VC activity in Dinh Tuong Province dropped off noticeably after the battle at Firebase Jaeger. U.S. night ambushes of VC mine-laying teams on Route 4 reduced mine attacks to negligible levels. The operation concluded on 10 March 1968.[1]:377


 This article incorporates public domain material from websites or documents of the United States Army Center of Military History.

  1. ^ a b c d e f Villard, Erik (2017). United States Army in Vietnam Combat Operations Staying the Course October 1967 to September 1968. Center of Military History United States Army. ISBN 9780160942808. This article incorporates text from this source, which is in the public domain.
  2. ^ Kelley, Michael (2002). Where we were in Vietnam. Hellgate Press. pp. 5–261. ISBN 978-1555716257.
Firebase (U.S.-Vietnam War)

Firebases in the U.S.-involvement Vietnam War, were a type of military base, usually fire bases.

It may refer to:

Firebase 6, Central Highlands

Firebase Airborne, central South Vietnam

Firebase Argonne, Quảng Trị Province

Firebase Atkinson, southwest South Vietnam

Firebase Bastogne, Thua Thien Province

Firebase Berchtesgaden (Firebase Eagle's Nest) Thừa Thiên–Huế

Firebase Betty, Bình Thuận Province

Firebase Bird, southern South Vietnam

Firebase Birmingham, Thừa Thiên–Huế Province

Firebase Checkmate, central South Vietnam

Firebase Crook, southwest South Vietnam

Firebase Cunningham, central South Vietnam

Firebase Currahee, central South Vietnam

Firebase Delta, Central Highlands

Firebase Fuller, central South Vietnam

Firebase Gela, southern South Vietnam

Firebase Gio Linh, central South Vietnam

Firebase Granite, central South Vietnam

Firebase Hawk Hill, central South Vietnam

Firebase Henderson, Quảng Trị Province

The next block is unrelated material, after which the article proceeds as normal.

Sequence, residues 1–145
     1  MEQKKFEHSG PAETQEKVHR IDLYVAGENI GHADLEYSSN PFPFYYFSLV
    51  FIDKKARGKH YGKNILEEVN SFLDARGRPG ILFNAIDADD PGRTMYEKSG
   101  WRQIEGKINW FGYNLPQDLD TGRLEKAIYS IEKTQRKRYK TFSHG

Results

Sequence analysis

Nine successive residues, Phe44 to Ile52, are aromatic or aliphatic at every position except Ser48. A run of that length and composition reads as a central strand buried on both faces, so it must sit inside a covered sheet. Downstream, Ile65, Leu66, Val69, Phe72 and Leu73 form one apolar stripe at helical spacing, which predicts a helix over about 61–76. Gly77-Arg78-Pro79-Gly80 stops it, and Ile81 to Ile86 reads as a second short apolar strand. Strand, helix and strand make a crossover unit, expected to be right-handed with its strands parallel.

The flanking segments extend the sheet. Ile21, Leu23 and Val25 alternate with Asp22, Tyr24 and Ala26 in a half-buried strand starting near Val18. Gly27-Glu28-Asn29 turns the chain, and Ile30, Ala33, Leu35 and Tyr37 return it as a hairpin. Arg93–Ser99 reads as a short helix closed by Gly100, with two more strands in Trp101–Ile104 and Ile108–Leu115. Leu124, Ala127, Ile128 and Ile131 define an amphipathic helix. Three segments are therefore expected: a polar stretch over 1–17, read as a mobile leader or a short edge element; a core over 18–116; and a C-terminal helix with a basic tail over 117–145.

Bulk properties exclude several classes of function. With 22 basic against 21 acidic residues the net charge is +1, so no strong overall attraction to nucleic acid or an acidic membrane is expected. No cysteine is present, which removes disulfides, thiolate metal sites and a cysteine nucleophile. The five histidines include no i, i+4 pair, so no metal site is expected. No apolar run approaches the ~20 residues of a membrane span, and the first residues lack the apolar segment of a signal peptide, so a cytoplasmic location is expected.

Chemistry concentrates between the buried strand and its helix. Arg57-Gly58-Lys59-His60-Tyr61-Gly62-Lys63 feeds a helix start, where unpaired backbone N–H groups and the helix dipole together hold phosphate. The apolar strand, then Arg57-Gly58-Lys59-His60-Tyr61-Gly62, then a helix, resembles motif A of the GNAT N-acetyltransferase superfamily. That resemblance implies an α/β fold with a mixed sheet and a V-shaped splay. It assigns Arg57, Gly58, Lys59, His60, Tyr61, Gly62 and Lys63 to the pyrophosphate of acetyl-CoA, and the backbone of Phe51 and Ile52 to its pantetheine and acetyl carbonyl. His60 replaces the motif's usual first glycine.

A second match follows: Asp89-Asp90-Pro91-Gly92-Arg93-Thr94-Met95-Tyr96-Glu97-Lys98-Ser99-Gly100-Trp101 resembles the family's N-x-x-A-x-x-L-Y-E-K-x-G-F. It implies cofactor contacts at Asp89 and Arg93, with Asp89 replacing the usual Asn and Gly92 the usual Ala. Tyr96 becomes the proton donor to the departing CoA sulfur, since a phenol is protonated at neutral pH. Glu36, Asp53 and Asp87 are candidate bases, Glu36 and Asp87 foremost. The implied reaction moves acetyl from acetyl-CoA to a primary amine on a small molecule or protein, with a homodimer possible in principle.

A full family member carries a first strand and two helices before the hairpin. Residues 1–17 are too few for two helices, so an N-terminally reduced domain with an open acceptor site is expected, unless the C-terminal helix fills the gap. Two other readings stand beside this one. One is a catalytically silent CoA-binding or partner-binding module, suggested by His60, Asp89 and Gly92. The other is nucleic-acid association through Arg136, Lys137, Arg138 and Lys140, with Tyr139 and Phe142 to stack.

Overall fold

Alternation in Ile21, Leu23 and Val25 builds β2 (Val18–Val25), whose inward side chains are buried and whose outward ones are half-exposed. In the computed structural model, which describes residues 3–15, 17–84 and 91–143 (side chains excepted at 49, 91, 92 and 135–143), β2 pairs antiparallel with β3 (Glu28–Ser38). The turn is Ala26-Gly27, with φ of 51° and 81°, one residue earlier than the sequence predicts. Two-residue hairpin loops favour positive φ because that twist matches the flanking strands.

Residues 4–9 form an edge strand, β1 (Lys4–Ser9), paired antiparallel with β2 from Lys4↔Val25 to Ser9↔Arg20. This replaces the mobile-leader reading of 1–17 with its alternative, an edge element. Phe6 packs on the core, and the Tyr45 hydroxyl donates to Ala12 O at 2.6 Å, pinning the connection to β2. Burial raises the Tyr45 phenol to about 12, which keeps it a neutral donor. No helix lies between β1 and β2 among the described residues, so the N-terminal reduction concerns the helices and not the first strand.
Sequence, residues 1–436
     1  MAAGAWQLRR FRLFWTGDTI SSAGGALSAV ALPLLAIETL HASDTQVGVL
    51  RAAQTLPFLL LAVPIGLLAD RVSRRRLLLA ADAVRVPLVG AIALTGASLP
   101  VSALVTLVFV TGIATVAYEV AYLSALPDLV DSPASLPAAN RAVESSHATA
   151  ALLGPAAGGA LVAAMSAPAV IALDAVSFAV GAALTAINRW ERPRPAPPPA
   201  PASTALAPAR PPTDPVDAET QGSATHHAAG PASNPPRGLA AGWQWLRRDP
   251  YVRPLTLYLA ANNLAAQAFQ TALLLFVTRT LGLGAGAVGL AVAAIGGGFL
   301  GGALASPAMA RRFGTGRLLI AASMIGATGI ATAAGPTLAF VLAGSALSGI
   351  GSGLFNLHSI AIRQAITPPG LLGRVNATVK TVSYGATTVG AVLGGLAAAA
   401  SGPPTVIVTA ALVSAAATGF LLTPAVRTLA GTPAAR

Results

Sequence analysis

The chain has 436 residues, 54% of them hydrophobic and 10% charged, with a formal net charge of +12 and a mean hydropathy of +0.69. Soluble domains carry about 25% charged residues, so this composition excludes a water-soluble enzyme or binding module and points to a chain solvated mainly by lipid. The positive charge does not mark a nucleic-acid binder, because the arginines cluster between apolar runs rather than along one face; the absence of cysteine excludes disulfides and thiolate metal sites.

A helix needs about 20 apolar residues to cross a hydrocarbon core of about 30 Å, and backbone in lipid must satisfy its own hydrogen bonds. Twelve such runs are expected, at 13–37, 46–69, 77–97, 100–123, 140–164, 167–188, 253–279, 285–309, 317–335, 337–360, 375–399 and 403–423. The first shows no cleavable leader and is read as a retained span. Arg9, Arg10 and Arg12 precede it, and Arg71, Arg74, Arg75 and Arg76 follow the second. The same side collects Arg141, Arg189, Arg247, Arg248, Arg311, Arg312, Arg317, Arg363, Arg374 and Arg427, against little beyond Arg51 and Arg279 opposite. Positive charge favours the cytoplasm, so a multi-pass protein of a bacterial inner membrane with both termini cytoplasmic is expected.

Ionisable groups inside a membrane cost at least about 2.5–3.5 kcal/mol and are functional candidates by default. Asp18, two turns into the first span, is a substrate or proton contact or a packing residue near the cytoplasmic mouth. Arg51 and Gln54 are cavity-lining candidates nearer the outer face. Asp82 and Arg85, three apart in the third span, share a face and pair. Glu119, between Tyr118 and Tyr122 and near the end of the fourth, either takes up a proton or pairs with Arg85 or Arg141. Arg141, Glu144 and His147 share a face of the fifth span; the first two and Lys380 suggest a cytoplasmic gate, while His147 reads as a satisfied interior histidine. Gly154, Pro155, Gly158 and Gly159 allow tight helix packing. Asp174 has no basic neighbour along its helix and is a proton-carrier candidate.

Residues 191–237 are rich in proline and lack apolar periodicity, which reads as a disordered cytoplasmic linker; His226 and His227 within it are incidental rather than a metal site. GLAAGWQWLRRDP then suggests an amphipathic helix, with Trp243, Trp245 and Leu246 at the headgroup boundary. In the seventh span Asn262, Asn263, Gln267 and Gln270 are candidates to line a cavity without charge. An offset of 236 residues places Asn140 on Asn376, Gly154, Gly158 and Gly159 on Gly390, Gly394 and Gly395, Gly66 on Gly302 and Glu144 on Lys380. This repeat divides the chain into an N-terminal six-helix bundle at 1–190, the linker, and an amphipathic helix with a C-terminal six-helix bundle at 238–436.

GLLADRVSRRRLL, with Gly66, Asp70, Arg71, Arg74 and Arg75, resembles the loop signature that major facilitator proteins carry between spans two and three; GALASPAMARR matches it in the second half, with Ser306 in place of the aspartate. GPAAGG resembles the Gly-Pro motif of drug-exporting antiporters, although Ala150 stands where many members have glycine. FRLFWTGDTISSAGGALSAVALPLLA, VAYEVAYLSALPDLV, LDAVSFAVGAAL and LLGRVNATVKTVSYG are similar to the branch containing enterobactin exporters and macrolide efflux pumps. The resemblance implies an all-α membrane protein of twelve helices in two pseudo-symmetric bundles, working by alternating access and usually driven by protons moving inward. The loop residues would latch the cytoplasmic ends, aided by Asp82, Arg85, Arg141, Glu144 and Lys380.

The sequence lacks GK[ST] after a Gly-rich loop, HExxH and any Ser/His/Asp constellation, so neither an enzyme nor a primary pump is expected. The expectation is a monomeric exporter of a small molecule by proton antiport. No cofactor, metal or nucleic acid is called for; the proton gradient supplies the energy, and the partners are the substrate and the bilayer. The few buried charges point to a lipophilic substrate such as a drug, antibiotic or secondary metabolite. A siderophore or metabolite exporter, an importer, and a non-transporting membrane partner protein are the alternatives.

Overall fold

Firebase Illingworth, southwest South Vietnam

Firebase Jaeger, Dinh Tuong Province; involved in Operation Hop Tac I

Firebase Jay, southwest South Vietnam

Firebase Kate (Firebase White) Quang Duc Province; aka Landing Zone Kate

Firebase Maureen, central South Vietnam

Firebase Mile High, Central Highlands

Firebase Neville, Quảng Trị Province

Firebase Pedro, central South Vietnam

Firebase Ripcord, Thua Thien Province

Firebase Ross, Quảng Nam Province

Firebase Russell, Quảng Trị Province

Firebase Sarge (Firebase Dong Toan) central South Vietnam

Firebase St. George, Central Highlands

Firebase Thunder III, southern South Vietnam

Firebase Tomahawk, central South Vietnam

Firebase Veghel, central South Vietnam

Firebase Vera, central South Vietnam

List of allied military operations of the Vietnam War (G–L)

This article is a list of known military operations of the Vietnam War conducted by the armed forces of the Republic of Vietnam, the United States and their assorted allies. This is not a complete list. Operations are currently listed alphabetically, but are being progressively reorganised as a chronology.